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Detailed Short Term Forecast
Issued at 0:14 AM CDT
Monday...Temperatures will range from a high of 64 to a low of 62 degrees with partly cloudy skies. Winds will range between 4 and 5 miles per hour from the southwest. No precipitation is expected.
...$dailyWea.get(0).segments.get($o).statement
Overnight ...Temperatures will range from 62 to 64 degrees with partly cloudy skies. Winds will remain steady around 4 miles per hour from the southwest. No precipitation is expected.
Monday...Temperatures will range from a high of 85 to a low of 61 degrees with partly cloudy skies. Winds will range between 5 and 9 miles per hour from the southsouthwest. Less than 1 tenth inch of rain is possible.

Changes in farm equipment on roads

March 25, 2014 | 0 comments

COLUMBUS

The rules of the road are important, said Lt. Michael Klingenberg, a Wisconsin State Patrol officer who serves in the motor carrier department with the Wisconsin Department of Transportation, at a Columbus Agribusiness Ag Day dinner.

As a state patrol officer, he said following the rules is important from a safety perspective. From a road maintenance point of view, he said it is important to establish weight limits and sizes of implements (width and length) in order to protect roads from damage.

Acknowledging that agriculture is one of the cornerstones of Wisconsin's history and is a key driver in today's economy, Klingenberg said agricultural equipment, also known as implements of husbandry, is gradually getting larger and heavier. That creates problems.

Klingenberg was on the committee that has been studying the current laws regarding IoH and has helped to make practical recommendations regarding changes that will allow farmers to remain within the law while still addressing safety issues and protecting roads and bridges.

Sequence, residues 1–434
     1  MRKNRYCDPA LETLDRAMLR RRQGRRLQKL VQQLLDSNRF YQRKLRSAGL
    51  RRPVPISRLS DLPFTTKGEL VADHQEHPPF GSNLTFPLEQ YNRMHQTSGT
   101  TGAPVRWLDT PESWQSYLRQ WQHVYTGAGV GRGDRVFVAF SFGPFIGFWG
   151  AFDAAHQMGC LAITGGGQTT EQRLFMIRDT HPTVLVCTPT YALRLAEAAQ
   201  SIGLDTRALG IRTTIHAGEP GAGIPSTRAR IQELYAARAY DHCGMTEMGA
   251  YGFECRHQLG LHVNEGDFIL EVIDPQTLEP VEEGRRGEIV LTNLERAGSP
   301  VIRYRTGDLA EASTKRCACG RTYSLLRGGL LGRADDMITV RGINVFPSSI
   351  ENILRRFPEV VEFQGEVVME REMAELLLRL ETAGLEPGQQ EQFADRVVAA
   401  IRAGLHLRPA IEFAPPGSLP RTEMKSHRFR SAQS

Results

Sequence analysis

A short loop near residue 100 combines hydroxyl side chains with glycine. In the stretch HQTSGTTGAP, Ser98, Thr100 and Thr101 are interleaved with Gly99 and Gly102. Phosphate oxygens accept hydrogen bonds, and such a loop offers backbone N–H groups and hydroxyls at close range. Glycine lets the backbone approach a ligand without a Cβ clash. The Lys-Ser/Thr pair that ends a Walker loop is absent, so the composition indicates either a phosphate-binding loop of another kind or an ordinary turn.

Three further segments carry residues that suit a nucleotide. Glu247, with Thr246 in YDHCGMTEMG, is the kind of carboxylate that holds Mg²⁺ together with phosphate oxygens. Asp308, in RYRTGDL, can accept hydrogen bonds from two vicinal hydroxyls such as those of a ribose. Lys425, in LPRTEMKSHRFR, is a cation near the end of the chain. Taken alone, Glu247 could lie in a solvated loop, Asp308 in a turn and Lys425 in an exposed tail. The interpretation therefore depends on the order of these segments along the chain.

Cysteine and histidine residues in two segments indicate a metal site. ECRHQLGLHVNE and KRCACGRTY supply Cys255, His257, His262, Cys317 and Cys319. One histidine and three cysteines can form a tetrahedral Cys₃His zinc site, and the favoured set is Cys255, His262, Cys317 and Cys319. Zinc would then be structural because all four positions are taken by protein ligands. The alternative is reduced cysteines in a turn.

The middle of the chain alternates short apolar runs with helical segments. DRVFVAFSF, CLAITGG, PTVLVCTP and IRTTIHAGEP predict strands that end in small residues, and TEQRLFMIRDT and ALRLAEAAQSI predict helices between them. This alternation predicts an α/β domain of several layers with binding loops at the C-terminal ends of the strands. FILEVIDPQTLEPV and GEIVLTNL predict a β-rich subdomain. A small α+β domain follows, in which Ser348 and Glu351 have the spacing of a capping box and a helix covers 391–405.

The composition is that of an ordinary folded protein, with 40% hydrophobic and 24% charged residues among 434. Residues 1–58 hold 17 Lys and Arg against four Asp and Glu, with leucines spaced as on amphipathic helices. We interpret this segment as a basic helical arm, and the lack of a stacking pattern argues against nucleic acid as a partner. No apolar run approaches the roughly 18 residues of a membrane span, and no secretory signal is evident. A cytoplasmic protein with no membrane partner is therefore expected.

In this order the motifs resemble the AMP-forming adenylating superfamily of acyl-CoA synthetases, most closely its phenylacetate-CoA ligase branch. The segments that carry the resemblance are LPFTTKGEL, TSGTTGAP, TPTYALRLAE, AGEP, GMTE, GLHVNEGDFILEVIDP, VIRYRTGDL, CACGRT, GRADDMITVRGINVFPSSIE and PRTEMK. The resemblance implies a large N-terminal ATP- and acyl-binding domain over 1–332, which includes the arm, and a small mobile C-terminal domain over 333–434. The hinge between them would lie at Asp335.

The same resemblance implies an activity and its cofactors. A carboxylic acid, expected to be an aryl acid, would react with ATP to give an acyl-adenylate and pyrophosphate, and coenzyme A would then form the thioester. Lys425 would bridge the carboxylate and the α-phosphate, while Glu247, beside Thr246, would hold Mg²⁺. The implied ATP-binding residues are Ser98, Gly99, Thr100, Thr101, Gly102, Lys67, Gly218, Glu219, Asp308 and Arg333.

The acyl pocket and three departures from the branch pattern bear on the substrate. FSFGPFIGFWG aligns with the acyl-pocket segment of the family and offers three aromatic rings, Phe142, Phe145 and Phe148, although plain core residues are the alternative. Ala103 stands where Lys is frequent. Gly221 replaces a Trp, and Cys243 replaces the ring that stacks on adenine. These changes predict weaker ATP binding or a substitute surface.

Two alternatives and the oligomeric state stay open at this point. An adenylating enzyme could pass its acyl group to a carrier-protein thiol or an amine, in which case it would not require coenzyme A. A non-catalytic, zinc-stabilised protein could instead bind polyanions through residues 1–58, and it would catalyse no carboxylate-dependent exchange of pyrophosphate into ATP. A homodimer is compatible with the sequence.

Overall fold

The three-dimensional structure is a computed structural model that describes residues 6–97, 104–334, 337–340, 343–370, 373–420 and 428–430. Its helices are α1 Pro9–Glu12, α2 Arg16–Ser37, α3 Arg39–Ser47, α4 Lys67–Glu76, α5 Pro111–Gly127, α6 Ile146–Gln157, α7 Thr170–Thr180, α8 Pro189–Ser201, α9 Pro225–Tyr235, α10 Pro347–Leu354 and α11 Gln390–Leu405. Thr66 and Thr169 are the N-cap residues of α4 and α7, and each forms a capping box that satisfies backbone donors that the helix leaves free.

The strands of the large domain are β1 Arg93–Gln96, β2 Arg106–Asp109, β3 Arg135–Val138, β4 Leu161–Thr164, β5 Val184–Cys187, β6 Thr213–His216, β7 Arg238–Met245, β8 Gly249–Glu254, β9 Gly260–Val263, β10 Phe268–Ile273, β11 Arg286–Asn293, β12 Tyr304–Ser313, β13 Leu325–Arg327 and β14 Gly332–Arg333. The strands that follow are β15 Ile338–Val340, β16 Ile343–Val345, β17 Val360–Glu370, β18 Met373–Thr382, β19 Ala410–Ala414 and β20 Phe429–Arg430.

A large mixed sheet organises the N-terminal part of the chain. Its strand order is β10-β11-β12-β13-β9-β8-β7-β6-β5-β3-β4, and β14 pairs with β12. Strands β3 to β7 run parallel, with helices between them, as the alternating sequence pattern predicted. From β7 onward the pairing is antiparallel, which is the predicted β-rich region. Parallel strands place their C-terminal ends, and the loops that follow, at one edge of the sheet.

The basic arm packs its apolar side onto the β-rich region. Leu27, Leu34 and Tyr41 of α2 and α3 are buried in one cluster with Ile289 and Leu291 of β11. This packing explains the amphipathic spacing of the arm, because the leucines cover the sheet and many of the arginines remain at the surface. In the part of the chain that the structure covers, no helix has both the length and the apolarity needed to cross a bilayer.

He said a challenge in getting the new law passed has been identifying exactly what an IoH is.

"The goal is to write a bill that will be easier to interpret by farmers and officers," he said.

Education important

According to Klingenberg, weight limits is one of the concerns.

"Once officers started to weigh farm implements, the reaction was this: 'It weighs that much?' he said. "They just don't realize how heavy that equipment is. A box manure spreader in the 1950s didn't weigh that much, even when it was full. Today's manure tankers can hold as much as 9,000 gallons, and that's a lot of weight."

Klingenberg said that officers don't have the option of overlooking weight or size infractions.

"If the law says it's illegal, there must be enforcement," he said.

As he spoke, the legislature was still contemplating details of the bill. Klingenberg hopes the law will be passed soon, in time for spring field work. When it does, he said there will be changes, and that means educating farmers about those changes.

"There are a lot of positive things coming out of all this discussion," he said.

Klingenberg also said once the law is passed, owners will be given 18 months to retrofit vehicles with required lighting.

He also pointed out that towns and counties can "opt out" of the IoH permit system and choose to simply allow equipment on their roadways without any permit requirements.

"I don't want people to think we'll be hiding behind every tree and cornstalk," he said. "A big part of this will be education (for farmers). Voluntary compliance is the goal. If you know the law you will be able to follow it."

Klingenberg says one of the problems with machinery on the roads has been the influx of residential homes in rural areas in the last decades.

"When you're in a state that depends on agriculture, people need to work together," he said. "Farmers need to use common sense and non-farm residents need to be patient and understanding when farmers must use the roads for their business."

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